A denial of service (DoS) attack is an A Security intrusion which causes a system to be damaged, and where the damage is sufficient

to disable at least one of the services offered by that system. D.O.S attack is to take down our server (computer) or, if that is not possible, make it look like our server is down by taking all the bandwidth of our network (internet) connection. A final major source of harm in computer communications is denial of service. As people become increasingly dependent on computer communications for business, education, research, and interactive, the impact of denial of service in individuals and society grows alarmingly. In this section we review some of the threats to continuity of service. A network is like a large and complex web. To be useful, every point must be reachable from every other point. Of course, hardware and software are not perfect or error-free. Links and host constantly fail or taken offline, and new or repaired link and host are constantly put back on line. Thus, the topology of every network changes: small networks change slowly, and large networks change very frequently. Most nodes are connected by multiple path. So that when one path is unavailable, communication can be maintained using another path. However, the failure of a critical path or node will block communication.

Distributed denial-of-service (DDoS) attack is an attempt to make a computer resource unavailable and flood of incoming messages to the target system essentially forces it to shut down. DDoS also attacks involve breaking into hundreds or thousands of machines all over the Internet, These attacks typically exhaust bandwidth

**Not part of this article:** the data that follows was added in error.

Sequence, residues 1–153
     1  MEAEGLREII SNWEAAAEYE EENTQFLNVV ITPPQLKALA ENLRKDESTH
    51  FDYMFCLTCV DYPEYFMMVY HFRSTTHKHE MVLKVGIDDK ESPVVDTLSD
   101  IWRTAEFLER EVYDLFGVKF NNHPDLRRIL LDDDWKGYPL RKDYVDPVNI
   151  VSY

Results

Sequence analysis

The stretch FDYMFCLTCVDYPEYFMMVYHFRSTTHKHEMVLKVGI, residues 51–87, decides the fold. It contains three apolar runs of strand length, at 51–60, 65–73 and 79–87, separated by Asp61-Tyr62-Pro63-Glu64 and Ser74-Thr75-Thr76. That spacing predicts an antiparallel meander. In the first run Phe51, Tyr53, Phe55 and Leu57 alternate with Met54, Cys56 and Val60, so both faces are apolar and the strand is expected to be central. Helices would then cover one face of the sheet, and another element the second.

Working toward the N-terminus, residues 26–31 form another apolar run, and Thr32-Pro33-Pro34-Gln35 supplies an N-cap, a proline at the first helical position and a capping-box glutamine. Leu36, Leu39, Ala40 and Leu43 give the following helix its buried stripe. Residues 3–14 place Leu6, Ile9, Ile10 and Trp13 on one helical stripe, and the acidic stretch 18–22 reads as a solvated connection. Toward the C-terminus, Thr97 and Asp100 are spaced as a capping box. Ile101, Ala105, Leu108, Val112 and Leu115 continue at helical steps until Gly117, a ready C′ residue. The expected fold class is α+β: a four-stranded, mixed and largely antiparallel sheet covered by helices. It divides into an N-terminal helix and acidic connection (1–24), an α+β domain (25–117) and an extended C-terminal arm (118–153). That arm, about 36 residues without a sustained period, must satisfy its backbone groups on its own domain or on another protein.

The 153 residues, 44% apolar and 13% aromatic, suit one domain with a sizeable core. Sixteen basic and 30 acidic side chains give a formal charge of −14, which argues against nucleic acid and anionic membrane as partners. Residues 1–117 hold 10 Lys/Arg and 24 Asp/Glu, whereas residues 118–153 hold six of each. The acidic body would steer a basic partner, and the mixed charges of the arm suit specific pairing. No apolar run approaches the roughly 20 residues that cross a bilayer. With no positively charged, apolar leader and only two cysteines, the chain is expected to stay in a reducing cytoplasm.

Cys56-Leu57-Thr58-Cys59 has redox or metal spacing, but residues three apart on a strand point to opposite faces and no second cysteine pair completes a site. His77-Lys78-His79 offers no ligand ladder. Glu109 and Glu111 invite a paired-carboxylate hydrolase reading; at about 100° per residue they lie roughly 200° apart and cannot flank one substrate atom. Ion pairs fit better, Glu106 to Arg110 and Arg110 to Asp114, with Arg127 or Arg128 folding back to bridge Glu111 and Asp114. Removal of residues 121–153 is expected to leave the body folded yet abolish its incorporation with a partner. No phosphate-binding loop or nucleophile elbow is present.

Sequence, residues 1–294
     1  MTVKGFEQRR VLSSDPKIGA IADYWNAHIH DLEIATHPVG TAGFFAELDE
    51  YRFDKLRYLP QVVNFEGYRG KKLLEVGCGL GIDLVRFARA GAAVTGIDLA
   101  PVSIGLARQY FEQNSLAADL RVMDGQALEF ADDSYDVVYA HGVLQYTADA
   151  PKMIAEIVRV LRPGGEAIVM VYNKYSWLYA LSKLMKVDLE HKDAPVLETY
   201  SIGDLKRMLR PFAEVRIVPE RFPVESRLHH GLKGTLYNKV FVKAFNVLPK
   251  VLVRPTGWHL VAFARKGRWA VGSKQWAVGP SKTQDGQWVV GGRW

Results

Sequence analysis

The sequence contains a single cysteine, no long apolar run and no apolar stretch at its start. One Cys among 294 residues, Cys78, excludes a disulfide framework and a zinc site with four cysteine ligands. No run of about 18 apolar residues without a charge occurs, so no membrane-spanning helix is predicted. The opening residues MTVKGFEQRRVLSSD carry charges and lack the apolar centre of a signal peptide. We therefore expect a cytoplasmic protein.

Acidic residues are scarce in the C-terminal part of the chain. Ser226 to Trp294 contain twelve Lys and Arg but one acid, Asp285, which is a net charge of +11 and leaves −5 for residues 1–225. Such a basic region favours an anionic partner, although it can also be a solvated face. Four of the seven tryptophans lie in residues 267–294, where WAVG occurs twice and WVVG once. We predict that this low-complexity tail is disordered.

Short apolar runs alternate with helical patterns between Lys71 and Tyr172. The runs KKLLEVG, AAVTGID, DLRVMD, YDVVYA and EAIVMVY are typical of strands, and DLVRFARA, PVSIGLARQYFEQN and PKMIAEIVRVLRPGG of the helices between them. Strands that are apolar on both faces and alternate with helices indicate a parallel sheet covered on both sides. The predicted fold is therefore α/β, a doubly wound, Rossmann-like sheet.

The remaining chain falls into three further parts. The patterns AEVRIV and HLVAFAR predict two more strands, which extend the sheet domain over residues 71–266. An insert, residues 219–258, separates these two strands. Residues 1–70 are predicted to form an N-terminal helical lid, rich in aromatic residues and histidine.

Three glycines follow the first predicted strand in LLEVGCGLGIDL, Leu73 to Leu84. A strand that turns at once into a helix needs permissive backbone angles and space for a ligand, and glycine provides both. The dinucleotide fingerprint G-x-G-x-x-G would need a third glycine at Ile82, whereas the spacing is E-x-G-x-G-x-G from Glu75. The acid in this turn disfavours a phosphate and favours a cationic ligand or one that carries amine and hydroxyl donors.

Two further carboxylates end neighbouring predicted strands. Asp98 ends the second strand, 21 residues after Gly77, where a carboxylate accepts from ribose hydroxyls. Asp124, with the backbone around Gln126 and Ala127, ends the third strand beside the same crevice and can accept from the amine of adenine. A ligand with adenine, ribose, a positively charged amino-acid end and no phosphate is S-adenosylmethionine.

or network stack resources, to the victims. To perpetrate a distributed denial of service or DDoS attack starts by breaking into weakly-secured computers, using defects in standard network service programs, an attacker does two things, as illustrated in the first stage the attacker uses any convenient attack such as (install software to conceal the fact of the break-in, and to hide the traces of their subsequent activity, exploiting a buffer overflow or tricking the victim to open and install unknown code from an e-mail attachment) to plant a to Trojan horse on a target machine . Trojan horse are almost always designed to do various harmful things, but can also be harmless and might broken down in classification based on how they breach and damage systems. Trojan horse does not necessarily cause any harm to the target machine so it may not be noticed. No matter how it is situated within the system, it will probably not attract any attention. The attacker repeats this process with many targets. Each of these target systems then becomes what is known as a zombie. The target systems carry out their normal work, unaware of the resident zombie. At some point the attacker chooses a victim and sends a signal to all the zombies to launch the attack. Then, instead of the victim’s trying to defend against one denial-of-service attack from one malicious host, the victim must try to counter n attacks from the n zombies all acting at once. Not all of the zombies need to use a same attack; for instance, some can use smurf and other syn floods to address different potential weaknesses.